Victorian Government urged to implement recommendations to improve hate speech protections
Australia’s leading association of human rights lawyers is urging the Victorian Premier and Attorney General to adopt the recommendations of the Victorian Parliament’s Legal and Social Issues Committee’s inquiry into the adequacy of the Racial and Religious Tolerance Act 2001 (Vic).
The Committee’s report, tabled in March, found the Act failed in its twin purposes of promoting racial and religious tolerance, and providing redress for victims.
Australian Lawyers for Human Rights (ALHR) Victorian Co-Convenor, Elise Almond said, “The Committee observed that harassment and vilification both remain commonplace for Indigenous and African Victorians, and that instances of islamophobia and anti-Semitism are on the rise, while women, LGBTIQ+, and Victorians with disabilities also reported experiences of vilification. Moreover, the Committee noted an increase in racial threats and vilification directed at Asian communities during the COVID-19 pandemic.”
“ALHR urges the Victorian Government to adopt all 36 of the Committee’s recommendations, in order to ensure Victoria’s laws are consistent with international human rights law standards.
Anti-vilification protections should be expanded to include women, LGBTIQ+ people, as well as people with HIV/AIDS, and people living with disability.”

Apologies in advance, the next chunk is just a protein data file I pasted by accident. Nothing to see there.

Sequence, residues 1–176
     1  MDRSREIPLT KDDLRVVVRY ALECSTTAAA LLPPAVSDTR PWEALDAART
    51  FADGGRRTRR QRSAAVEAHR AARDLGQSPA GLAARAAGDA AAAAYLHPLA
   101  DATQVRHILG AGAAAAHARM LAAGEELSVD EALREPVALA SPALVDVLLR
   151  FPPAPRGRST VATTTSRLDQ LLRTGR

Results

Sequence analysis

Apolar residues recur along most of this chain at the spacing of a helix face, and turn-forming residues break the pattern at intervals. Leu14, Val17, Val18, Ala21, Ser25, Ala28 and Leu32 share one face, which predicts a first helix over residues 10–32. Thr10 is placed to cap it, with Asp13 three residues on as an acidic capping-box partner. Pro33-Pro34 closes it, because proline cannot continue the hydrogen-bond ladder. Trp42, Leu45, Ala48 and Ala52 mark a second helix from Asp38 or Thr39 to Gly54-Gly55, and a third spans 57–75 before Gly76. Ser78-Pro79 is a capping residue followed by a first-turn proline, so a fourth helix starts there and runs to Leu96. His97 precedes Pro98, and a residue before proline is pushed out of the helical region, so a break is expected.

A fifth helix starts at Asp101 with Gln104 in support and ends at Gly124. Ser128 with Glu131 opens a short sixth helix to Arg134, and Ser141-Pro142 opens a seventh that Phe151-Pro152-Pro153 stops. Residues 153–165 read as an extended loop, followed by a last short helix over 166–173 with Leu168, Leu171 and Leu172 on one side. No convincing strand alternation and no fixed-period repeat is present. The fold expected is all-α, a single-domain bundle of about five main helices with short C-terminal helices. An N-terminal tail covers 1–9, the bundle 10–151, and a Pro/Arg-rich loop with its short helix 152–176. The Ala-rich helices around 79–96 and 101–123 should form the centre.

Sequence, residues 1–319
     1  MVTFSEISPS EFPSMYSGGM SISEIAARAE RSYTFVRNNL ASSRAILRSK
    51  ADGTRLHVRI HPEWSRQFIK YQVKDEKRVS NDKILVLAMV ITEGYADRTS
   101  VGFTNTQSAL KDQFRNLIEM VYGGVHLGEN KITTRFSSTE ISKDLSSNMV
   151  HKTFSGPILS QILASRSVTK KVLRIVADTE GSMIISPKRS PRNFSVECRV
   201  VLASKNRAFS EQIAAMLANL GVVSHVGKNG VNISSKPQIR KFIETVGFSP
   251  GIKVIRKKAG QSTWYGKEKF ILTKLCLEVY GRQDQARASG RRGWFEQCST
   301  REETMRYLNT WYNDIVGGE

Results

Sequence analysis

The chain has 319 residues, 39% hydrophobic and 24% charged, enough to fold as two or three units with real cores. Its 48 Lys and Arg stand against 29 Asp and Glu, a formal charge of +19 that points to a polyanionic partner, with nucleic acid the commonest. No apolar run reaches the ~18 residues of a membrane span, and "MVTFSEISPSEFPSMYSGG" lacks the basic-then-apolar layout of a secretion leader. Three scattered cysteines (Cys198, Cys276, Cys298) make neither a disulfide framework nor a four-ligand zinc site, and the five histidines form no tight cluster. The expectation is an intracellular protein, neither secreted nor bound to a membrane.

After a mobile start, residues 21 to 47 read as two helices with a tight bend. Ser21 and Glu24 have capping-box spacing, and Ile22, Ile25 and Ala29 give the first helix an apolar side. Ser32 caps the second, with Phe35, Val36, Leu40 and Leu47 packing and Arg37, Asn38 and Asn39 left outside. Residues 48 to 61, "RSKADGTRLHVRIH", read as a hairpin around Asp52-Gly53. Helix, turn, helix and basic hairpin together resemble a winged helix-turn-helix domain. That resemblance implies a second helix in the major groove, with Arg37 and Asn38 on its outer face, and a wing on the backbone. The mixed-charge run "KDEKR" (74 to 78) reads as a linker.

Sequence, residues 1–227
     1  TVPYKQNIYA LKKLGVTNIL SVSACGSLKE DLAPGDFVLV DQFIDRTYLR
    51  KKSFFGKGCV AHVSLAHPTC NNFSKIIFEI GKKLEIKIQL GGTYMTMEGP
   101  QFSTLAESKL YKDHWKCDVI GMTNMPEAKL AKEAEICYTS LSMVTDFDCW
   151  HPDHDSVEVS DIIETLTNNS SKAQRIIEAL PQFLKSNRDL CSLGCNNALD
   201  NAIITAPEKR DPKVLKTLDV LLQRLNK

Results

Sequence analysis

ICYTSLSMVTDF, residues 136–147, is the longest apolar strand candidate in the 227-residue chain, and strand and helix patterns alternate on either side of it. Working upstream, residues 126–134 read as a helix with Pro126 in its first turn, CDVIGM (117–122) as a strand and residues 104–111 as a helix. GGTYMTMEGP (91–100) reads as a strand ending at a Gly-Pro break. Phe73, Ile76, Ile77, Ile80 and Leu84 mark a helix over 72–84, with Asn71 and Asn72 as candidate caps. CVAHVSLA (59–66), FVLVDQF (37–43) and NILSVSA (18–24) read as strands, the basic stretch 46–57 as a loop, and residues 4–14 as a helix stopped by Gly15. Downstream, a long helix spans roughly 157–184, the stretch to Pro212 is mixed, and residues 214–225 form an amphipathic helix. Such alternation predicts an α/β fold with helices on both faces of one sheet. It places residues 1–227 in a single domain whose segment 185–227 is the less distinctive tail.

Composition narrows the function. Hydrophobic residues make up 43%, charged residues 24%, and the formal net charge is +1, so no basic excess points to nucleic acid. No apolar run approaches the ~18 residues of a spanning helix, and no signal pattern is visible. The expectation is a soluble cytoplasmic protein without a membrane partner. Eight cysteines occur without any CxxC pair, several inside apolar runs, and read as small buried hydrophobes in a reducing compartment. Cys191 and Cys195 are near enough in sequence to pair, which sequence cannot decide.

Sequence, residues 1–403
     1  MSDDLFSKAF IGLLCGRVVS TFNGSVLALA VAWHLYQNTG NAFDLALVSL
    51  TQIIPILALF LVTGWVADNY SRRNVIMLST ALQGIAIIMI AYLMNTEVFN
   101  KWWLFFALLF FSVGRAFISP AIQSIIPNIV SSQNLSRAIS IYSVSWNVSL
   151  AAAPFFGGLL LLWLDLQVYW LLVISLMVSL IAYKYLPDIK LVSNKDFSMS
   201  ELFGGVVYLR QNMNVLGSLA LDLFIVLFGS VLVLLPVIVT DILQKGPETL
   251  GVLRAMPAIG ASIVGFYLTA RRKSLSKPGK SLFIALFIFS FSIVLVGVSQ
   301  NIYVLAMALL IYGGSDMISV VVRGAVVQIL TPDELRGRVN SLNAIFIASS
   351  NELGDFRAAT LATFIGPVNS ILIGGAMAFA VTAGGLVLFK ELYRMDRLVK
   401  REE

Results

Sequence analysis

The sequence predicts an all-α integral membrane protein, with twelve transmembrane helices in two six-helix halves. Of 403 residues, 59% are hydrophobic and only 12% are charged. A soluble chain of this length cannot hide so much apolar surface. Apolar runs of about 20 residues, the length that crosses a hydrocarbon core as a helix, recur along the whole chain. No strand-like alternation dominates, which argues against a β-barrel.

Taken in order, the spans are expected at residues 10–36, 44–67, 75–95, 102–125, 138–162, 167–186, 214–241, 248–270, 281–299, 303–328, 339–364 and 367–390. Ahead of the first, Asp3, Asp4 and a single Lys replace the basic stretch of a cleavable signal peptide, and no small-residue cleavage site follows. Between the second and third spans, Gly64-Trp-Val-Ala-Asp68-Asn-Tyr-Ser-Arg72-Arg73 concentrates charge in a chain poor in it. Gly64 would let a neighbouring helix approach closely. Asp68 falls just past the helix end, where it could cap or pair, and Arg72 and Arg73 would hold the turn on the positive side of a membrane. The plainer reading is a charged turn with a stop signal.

“We also particularly applaud the recommendations to introduce a harm-based provision to assess vilification from the victim’s perspective, to extend the Victorian Equal Opportunity and Human Rights Commission’s enforcement and investigative powers; to introduce a positive duty on organisations to take reasonable, and proportionate measures to eliminate vilification and to Introduce a ‘recklessness’ provision to lower the threshold for criminal conduct.”
“Importantly, the Committee recommended funding culturally-appropriate services with a view to providing legal information, counselling and support to targeted communities, increasing funding to community legal centres for targeted litigation by victims of vilification including by representative action; and funding school and community-based education programs.”
Ms Almond continued, “ALHR calls upon the Victorian Government to implement the Committee’s recommendations by introducing amendments to the Equal Opportunity Act 2010 (Vic) within the current term of parliament. This would modernise Victoria’s laws in a manner consistent, with international standards and community expectations regarding every person’s right to live free from discrimination and hate speech.”
Contact: Matt Mitchell, ALHR media manager 0431 980 365.